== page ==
Every year the sports world gets a few new heroes and loses some as well. This year had its share of sports icons die, young and old. A list of notable sports figures who died in 2010:
Gaines Adams (June 8, 1983-Jan. 17, 2010): Adams died at 26 of cardiac arrest as a member of the Chicago Bears. But he will always be a part of Bucs history, picked fourth overall in the 2007 draft by Tampa Bay.
Gene Hermanski (May 11, 1920-Aug. 9, 2010): He played for the Dodgers in the 1940s alongside Jackie Robinson. He retired to Homosassa.
Robin Roberts (Sept. 30, 1926-May 6, 2010): Roberts entered the Baseball Hall of Fame in 1976, but he's known locally as well. He was head baseball coach at USF from 1977 to 1985 and remained in Tampa until his death.
George Steinbrenner (July 4, 1930-July 13, 2010): "The Boss" was larger than life not only in New York but Tampa as well. He bought a declining Yankees team in 1973 and won seven World Series championships.
Sparky Anderson (Feb. 22, 1934-Nov. 4, 2010): Won two World Series titles with the Reds (1975-76) and one with the Tigers (1984) in his illustrious managing career.
Jim Bibby (Oct. 29, 1944-Feb. 16, 2010): Best remembered as part of the Pirates rotation during their 1979 World Series championship season. Had a no-hitter for Texas in 1973.
Willie Davis (April 15, 1940-March 9, 2010): Had an 18-year career as a major-leaguer, 14 with the Dodgers.
Bob Feller (Nov. 3, 1918-Dec. 15, 2010): "Bullet Bob." "Rapid Robert." "The Heater from Van Meter." Whatever his nickname, Feller could really throw. He won 266 games in his career and missed four years to fight in World War II. A Hall of Famer since 1962.
Ernie Harwell (Jan. 25, 1918-May 4, 2010): Broadcast Tigers games for 42 years and had a career in television and radio for 55 years.
Ralph Houk (Aug. 9, 1919-July 21, 2010): Known as a manager's manager, Houk played for the Yankees and managed the Yankees, Tigers and Red Sox. Won six World Series titles as a Yankees player and two as their manager.
Dorothy "Dottie" Kamenshek (Dec. 21, 1925-May 17, 2010): A poster girl for the All-American Girls Professional Baseball League, she helped inspire the lead character in the film A League of Their Own.
Jose Lima (Sept. 30, 1972-May 23, 2010): A 13-year major-leaguer, Lima's best year was 1999, when he won 21 games for the Astros.
Ron Santo (Feb. 25, 1940-Dec. 2, 2010): A nine-time All-Star, he played 15 seasons, 14 with the Cubs, and was a longtime broadcaster for the club. Thought to be one of the best players not in the Hall of Fame.
Bob Sheppard (Oct. 20, 1910-July 11, 2010): Public address announcer for the New York Yankees for 56 years.
Bobby Thomson (Oct. 25, 1923-Aug. 16, 2010): Will always be remembered for his Shot Heard 'Round the World that won the 1951 NL pennant for the New York Giants.
Don Coryell (Oct. 17, 1924-July 1, 2010): "Air" Coryell is credited with revolutionizing the passing game in the NFL. Coached the St. Louis Cardinals and the San Diego Chargers.
Rob Lytle (Nov. 12, 1954-Nov. 20, 2010): An All-America running back at Michigan in 1976, finished third in Heisman Trophy voting. Played for the Denver Broncos from 1977 to 1983.
Don Meredith (April 10, 1938-Dec. 5, 2010): A former quarterback for the Dallas Cowboys, "Dandy" Don was best known for his work on Monday Night Football.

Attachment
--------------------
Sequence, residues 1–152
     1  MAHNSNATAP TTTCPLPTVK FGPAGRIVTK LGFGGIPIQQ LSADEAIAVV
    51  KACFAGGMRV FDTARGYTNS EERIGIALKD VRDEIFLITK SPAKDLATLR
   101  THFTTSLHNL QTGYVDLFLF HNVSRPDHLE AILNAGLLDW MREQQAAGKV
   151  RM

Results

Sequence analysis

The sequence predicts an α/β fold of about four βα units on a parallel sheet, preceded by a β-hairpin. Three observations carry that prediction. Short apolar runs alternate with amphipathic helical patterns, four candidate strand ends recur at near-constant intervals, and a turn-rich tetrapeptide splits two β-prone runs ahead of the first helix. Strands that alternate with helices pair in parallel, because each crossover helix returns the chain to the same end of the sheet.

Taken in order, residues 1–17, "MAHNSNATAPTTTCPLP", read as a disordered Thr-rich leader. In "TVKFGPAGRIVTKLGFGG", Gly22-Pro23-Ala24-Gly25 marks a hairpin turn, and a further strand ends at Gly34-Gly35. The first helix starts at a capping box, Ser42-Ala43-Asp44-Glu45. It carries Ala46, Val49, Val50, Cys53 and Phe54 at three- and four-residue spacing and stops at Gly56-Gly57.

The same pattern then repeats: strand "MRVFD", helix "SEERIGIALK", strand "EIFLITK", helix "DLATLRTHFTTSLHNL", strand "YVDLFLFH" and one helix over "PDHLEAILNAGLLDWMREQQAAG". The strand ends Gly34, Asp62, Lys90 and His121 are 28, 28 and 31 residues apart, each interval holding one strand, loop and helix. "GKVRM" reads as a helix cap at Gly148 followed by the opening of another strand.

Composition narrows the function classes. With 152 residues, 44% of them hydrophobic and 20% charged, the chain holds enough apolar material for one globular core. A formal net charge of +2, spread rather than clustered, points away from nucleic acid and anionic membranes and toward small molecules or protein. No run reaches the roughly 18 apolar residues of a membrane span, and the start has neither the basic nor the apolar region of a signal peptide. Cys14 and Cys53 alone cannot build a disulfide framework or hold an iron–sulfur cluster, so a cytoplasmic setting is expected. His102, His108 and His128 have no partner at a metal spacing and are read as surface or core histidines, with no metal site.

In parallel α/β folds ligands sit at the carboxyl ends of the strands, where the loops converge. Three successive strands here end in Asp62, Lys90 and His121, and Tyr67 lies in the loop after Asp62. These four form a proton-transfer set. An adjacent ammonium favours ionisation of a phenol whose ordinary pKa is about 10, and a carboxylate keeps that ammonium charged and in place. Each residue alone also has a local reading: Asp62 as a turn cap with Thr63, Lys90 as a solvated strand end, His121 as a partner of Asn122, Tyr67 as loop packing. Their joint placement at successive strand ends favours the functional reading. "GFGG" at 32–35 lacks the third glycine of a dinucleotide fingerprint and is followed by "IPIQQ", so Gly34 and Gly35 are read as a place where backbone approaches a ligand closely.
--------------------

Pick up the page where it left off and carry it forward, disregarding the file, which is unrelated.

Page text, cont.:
Merlin Olsen (Sept. 15, 1940-March 11, 2010): Had a 15-year career with the L.A. Rams, then became a fixture on television as a broadcaster and actor.
Jack Tatum (Nov. 18, 1948-July 27, 2010): A fierce hitter, nicknamed "The Assassin" with the Oakland Raiders and Houston Oilers. Best known for a hit in 1978 that left Patriots receiver Darryl Stingley paralyzed.
Mosi Tatupu (April 26, 1955-Feb. 23, 2010): Had a 14-year career as a fullback, 13 with the Patriots.
Jarvis Williams (May 16, 1965-May 25, 2010): A former Dolphins safety and a member of the University of Florida's All-Century team.
Manute Bol (Oct. 16, 1962-June 19, 2010): A gentle giant. Bol was 7 feet 7 and played for four NBA teams in his 10-year career.
Quintin Dailey (Jan. 22, 1961-Nov. 8, 2010): Played at the University of San Francisco and 10 years in the NBA with the Bulls, Clippers and Sonics.
Maurice Lucas (Feb. 18, 1952-Oct. 31, 2010): Had a 14-year professional career, two in the ABA and 12 in the NBA with six teams. Helped the Trail Blazers win the 1976-77 NBA title.
John Wooden (Oct. 14, 1910-June 4, 2010): "The Wizard of Westwood" is the gold standard in college coaching. His UCLA teams won 10 national championships, including seven straight.
Pat Burns (April 4, 1952-Nov. 19, 2010): A three-time NHL coach of the year with three different teams.
Bob Probert (June 5, 1965-July 5, 2010): One of hockey's all-time great tough guys for the Red Wings and Blackhawks.
Jack Brisco: (Pro wrestler; Sept. 21, 1941-Feb. 1, 2010): People remember him around the bay area for his years on Championship Wrestling from Florida.
William P. Foster (Band director; Aug. 25, 1919-Aug. 28, 2010): Created Florida A&M's Marching 100. FAMU's band director from 1946 to 1998.
Andy Irons (Surfing; July 24, 1978-Nov. 2, 2010): A three-time world title holder. Irons' death is still under investigation after he was found in a Dallas hotel.
Raymond Parks (NASCAR; June 5, 1914-June 20, 2010): Moonshine runner who helped start NASCAR in 1948.
Antonio Pettigrew (Track; Nov. 3, 1967-Aug. 10, 2010): A sprinter who helped win the 4x400 relay at the 2000 Olympics for the United States. That medal was later stripped after he admitted to using performance enhancing drugs. His death was ruled a suicide.
Juan Antonio Samaranch (Olympics; July 17, 1920-April 21, 2010): The former Spanish diplomat ruled the International Olympic Committee for 21 years.
Chet Simmons (Executive; July 11, 1928-March 25, 2010): President of NBC Sports and, later, ESPN in 1979. Became first commissioner of the USFL in 1982.